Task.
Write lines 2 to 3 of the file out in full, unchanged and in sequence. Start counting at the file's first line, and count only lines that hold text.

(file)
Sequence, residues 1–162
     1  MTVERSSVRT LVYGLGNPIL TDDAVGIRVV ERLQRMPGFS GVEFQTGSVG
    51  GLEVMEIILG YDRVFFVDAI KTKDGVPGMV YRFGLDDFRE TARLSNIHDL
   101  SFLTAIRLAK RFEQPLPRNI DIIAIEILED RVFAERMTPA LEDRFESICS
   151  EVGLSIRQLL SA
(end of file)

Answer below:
     1  MTVERSSVRT LVYGLGNPIL TDDAVGIRVV ERLQRMPGFS GVEFQTGSVG
    51  GLEVMEIILG YDRVFFVDAI KTKDGVPGMV YRFGLDDFRE TARLSNIHDL